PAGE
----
MONMOUTHSHIRE council is forecasting a shortfall of £246,000 in its budget for legal costs and potential compensation due to a significant claim lodged against the council for the loss of shooting rights at High House Farm, near Raglan.
In 2012 the Welsh Government allowed the council to obtain the shooting rights on 27 acres of land at Bryngwyn, owned by the council next to the site of Monmouthshire Livestock Centre using a legal power known as a compulsory purchase order following an inquiry.
The site had a covenant within the deed that gave former owner Jack Hanbury-Tenison a right to shoot up to 10 times a year at 24 hours notice, within 10 metres of the boundary.
The council argued this would mean the auctioneers could not hold a market on the 10 days the rights were exercised because of the proximity of live ammunition being fired.
The Welsh Government considered the recommendations made by the planning inspector and, in July, found there was a compelling case in the public interest to acquire the rights and that there are substantial community benefits to be gained from a new livestock market.
It will now be subject to a preliminary hearing to determine the correct legal interpretation of relevant case law in May at the earliest. This will determine the outcome for a significant proportion of the claim. Legal advice has been provided to the council but the final outcome remains highly unpredictable as does the amount of compensation payable.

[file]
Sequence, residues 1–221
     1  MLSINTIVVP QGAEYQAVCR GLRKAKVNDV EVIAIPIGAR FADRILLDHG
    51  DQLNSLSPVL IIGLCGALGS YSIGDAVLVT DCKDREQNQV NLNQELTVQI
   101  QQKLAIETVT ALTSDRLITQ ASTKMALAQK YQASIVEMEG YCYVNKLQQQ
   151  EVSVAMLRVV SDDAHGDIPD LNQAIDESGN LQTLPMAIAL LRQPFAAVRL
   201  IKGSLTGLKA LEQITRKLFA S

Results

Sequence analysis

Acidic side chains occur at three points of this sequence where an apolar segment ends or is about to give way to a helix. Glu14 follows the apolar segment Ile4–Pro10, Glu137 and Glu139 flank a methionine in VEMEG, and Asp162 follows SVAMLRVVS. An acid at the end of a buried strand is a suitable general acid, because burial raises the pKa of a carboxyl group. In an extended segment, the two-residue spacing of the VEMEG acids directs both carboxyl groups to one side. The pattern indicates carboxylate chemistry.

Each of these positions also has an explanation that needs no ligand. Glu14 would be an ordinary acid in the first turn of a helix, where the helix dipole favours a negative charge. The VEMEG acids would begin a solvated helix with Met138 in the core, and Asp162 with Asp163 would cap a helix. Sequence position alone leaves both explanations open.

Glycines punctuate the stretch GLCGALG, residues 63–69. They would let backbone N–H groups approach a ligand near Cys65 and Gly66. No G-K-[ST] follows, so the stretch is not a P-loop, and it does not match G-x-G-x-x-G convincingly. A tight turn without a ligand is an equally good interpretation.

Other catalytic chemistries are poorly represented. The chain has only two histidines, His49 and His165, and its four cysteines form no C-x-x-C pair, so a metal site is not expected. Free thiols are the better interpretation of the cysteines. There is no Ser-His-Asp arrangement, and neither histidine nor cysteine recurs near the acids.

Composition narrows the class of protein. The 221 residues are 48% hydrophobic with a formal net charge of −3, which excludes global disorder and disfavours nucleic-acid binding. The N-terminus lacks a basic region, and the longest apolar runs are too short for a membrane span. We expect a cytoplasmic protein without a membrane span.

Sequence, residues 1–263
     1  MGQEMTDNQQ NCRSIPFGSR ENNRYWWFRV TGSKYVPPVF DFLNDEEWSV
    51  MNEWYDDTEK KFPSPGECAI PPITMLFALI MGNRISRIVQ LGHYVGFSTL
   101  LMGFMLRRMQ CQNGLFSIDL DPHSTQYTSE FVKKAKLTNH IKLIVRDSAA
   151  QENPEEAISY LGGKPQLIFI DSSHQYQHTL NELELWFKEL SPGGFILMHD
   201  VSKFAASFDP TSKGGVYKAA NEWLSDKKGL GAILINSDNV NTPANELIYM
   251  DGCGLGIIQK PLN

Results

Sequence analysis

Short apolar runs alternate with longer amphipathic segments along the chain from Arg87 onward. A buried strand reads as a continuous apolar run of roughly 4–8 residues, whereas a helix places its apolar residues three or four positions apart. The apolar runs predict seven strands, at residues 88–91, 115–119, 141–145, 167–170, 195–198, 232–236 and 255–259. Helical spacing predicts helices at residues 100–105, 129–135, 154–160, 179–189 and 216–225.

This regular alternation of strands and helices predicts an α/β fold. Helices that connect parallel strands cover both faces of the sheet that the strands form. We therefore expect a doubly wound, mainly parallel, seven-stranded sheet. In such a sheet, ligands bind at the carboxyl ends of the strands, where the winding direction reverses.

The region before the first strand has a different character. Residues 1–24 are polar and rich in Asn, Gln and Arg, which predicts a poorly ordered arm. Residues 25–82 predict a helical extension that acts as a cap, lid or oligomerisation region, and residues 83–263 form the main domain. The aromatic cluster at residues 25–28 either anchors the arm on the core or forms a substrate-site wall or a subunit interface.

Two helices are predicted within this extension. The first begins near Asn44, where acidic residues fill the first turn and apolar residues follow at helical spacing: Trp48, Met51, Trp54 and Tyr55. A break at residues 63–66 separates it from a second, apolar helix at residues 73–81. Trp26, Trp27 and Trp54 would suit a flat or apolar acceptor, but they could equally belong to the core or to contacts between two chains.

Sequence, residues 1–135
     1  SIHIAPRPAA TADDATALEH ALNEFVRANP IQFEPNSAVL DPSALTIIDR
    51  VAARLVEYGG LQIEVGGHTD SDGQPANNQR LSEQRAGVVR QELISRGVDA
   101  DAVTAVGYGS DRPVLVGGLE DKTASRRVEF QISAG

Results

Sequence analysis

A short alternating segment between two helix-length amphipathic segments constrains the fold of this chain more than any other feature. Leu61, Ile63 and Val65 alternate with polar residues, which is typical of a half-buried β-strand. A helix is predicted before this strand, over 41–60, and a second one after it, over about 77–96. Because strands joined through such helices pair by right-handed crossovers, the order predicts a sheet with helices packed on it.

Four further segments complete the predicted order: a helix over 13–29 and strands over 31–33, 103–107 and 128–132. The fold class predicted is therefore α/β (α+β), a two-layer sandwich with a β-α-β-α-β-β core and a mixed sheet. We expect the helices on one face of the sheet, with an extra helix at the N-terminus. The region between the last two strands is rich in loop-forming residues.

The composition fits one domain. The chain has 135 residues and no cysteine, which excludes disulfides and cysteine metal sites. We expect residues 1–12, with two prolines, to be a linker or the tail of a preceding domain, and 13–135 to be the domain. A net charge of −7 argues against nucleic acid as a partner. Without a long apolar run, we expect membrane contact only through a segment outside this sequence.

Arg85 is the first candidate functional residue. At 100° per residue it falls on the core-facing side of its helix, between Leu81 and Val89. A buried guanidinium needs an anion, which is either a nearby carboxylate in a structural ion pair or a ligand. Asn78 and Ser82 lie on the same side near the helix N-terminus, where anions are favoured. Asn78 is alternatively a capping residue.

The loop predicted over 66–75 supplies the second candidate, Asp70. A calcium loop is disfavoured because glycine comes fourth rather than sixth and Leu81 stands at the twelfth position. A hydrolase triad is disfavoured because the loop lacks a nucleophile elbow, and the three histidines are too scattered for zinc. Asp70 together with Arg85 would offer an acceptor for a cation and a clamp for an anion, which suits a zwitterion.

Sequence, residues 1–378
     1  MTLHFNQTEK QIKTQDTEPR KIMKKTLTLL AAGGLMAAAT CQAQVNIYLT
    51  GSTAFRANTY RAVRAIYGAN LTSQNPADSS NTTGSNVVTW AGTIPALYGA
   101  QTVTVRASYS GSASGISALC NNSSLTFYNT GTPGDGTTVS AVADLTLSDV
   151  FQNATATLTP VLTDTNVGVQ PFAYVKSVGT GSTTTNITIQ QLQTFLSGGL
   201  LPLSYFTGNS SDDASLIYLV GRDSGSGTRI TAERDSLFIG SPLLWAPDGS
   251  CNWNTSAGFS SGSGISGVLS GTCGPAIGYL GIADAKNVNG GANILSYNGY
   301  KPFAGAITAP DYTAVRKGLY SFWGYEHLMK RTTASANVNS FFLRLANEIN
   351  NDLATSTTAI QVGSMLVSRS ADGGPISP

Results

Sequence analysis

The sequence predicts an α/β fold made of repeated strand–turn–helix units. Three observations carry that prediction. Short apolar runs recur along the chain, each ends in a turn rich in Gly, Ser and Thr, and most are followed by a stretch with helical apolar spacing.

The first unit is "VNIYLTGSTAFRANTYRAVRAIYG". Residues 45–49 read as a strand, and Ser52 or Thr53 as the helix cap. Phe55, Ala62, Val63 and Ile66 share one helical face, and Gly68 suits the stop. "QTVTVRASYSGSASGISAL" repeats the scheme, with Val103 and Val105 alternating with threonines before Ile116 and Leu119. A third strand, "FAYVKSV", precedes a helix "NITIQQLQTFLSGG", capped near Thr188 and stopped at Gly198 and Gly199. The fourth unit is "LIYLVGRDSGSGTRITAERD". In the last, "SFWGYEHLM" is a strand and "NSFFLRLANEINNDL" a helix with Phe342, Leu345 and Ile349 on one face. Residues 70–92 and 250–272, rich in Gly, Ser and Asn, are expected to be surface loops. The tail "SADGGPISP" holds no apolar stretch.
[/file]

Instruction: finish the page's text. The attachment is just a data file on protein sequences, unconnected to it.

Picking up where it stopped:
Costs that will be incurred include legal and expert advice relating to the compensation claim for shooting rights, to achieve a cleared site on the former Abergavenny Livestock Market with vacant possession for Morrisons and the conclusion of negotiations with existing tenants which are all part of the Abergavenny Regeneration livestock scheme.
An overspend is also anticipated in later years as a further £51,000 is being forecast for legal costs in addition to the compensation potentially payable in relation to shooting rights.